The last Greek Cypriot living in Kyrenia
IN 1960 Kyrenia was a small market town with just 3,000 inhabitants, of which only 100 were Turkish. Today everything has changed. From above, Kyrenia looks like a large city: all its northern shores have been built-up and the town has joined up with large villages along its northern shores, inhabitation now runs dozens of kilometres east and west of the city. Today more than 60,000 Turks live in Kyrenia. Amid this Turkish crowd lives Kyrenia’s last Greek Cypriot.
Angeliki Yiasar is 80 years old. She has spent her entire life in Kyrenia with her Turkish Cypriot husband Sami Yiasar. Her paternal home is a traditional Cypriot house with an upper floor and internal courtyard, flowers planted in tin pots and a well that’s run dry, in line with the town’s Greek character. Angeliki has fought tooth and nail to safeguard this personal sanctuary, living in conditions of isolation for decades.
Today, under clearly better circumstances, she is enjoying the last stages of her life with her husband and has only one hope: to live to see the reunification of
The couple’s personal adventure started on the dramatic morning of July 20, 1974 when Kyrenia awoke to explosions from bombshells being fired from Turkish ships’ cannons that blasted the Pendadaktylos mountainside. Terrified, Greek Cypriots abandoned the town in great haste. Angeliki remained behind with Sami.
Although her husband was a Turkish Cypriot, the couple lived in a Greek neighbourhood and at home only spoke, and continue to speak, Greek. Her two children learned to read and write at a Greek school and according to fate they became the last Greek speaking permanent residents of Kyrenia.
The couple’s story goes back to a time of Cypriot innocence. To the beginning of the 50s, before nationalism clouded peoples’ minds. Sami was the family chauffer. He fell in love with Angeliki and asked her father for her hand in marriage. Her father agreed. Angeliki did not want him because he was of another religion. She later compromised and made what today she evaluates as the best decision of her life.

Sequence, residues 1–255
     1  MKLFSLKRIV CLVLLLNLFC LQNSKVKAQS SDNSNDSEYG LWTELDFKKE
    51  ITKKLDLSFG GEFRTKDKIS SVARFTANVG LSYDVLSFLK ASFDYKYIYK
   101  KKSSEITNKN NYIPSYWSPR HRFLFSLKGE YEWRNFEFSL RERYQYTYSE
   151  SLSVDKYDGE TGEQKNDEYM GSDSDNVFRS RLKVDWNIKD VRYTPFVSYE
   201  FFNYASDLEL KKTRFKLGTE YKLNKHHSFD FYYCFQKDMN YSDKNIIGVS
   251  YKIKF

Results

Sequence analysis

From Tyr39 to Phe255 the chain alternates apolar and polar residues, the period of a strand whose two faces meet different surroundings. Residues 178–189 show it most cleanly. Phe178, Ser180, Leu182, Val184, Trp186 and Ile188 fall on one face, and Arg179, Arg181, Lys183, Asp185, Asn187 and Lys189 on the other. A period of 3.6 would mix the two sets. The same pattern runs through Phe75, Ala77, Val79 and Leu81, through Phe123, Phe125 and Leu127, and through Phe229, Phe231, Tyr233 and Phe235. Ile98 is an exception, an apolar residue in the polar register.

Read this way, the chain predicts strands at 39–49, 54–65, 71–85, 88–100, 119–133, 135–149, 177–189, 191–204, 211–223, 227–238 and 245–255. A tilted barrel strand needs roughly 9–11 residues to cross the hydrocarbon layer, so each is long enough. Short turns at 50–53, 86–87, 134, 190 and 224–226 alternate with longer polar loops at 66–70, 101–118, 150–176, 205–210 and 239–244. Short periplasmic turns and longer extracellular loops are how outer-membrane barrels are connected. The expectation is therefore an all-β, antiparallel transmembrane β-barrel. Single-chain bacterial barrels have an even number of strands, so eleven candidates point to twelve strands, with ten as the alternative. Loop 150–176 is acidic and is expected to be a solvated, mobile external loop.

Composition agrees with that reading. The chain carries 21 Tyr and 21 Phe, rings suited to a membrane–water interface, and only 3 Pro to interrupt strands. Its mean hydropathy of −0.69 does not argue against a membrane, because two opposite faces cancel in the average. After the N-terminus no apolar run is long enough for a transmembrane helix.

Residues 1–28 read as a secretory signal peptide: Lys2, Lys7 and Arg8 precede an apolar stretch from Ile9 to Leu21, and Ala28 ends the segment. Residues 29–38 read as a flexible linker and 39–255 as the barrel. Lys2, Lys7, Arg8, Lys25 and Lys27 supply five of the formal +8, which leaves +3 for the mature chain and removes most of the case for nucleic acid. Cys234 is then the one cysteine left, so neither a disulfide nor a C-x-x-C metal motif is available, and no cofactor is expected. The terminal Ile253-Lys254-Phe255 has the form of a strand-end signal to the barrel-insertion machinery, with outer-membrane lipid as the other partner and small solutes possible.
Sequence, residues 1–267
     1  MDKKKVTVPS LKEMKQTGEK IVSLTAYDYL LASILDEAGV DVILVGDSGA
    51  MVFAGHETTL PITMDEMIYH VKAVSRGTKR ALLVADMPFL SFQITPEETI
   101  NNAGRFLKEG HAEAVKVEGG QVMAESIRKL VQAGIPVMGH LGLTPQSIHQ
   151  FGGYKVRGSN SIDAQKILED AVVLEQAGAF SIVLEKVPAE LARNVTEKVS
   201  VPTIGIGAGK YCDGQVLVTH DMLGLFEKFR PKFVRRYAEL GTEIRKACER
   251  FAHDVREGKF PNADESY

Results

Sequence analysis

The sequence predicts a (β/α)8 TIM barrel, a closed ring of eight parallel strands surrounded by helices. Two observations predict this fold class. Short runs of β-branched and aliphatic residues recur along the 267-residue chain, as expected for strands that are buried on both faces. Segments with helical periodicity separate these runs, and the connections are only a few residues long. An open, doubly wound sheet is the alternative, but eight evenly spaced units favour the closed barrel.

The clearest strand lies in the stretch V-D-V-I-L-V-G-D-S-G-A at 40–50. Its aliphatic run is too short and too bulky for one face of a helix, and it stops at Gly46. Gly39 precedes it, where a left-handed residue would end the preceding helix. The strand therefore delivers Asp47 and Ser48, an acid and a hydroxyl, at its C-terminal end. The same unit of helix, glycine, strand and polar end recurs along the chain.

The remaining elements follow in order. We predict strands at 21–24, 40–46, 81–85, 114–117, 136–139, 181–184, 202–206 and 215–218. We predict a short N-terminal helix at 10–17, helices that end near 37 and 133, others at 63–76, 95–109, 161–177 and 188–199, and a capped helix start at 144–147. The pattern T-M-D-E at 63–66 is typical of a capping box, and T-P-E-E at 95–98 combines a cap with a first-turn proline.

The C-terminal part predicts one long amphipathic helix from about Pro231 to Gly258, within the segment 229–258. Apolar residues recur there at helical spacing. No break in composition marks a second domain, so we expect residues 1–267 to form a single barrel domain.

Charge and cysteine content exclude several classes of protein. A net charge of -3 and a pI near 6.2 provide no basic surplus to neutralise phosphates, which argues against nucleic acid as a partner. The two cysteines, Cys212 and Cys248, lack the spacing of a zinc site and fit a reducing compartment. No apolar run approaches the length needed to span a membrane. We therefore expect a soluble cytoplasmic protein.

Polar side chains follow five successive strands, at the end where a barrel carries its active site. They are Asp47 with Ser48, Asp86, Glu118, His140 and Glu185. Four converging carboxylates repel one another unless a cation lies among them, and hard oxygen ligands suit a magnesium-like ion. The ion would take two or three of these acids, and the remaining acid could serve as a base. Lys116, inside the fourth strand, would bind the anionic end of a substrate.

She and Sami were married in a civil ceremony at the offices of the Kyrenia colonial administration. They had two sons, Andreas and Anthimos. Not long after, the struggle for Union (with
Fifty-six years after their marriage the couple are still in love. “I’ve been very lucky in my life to have married this person,” Angeliki says today, who took us into her home. “
Today their life is much easier. With the opening of the checkpoints and free movement they come and go to
But this was not always so. The first years after the invasion, their life was tragic. Kyrenia was flooded with Turkish troops. One of their sons, due to the unsettling situation in
At the time Sami worked at the American radio station in Karava, west of Kyrenia. With the Americans’ help the couple managed to get their son out of occupied
Near Angeliki’s home, in Pano Kyrenia, is the neighbourhood church dedicated to St George. It was built in 1952, the year she married Sami. It is where she baptised her two children and after Kyrenia was abandoned by its inhabitants she undertook the responsibility to preserve it.
Nearly all the churches in the occupied areas were either destroyed or turned into mosques.
“I was asked for the keys many times so that they could turn it into a museum but I refused to give them to them. I will give them to the priest and the church committee that will take it over following a solution to the
Angeliki Yiasar cleans the church and at her initiative, a Kyrenian, Takis Neophytou, has taken on its renovation. The
Today a lot of Kyrenians who visit their town go by and pay homage at the